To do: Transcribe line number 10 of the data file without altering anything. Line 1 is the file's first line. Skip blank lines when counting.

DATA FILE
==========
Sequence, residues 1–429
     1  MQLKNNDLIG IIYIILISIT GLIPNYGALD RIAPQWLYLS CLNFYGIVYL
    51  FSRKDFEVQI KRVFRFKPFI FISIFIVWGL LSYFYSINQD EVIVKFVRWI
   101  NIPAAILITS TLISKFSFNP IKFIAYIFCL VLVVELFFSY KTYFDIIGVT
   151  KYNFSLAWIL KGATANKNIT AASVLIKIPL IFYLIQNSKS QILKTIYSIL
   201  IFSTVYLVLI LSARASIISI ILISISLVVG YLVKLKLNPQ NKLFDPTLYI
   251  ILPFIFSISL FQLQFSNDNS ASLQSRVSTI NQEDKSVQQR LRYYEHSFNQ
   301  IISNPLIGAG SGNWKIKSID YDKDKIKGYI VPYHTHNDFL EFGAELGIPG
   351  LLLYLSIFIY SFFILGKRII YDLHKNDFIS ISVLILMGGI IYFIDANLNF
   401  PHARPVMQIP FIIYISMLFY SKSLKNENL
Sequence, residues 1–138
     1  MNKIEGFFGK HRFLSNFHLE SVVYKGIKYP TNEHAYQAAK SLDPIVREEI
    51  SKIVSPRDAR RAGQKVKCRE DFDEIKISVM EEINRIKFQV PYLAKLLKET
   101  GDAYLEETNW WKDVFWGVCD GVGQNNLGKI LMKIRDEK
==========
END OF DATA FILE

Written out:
   401  PHARPVMQIP FIIYISMLFY SKSLKNENL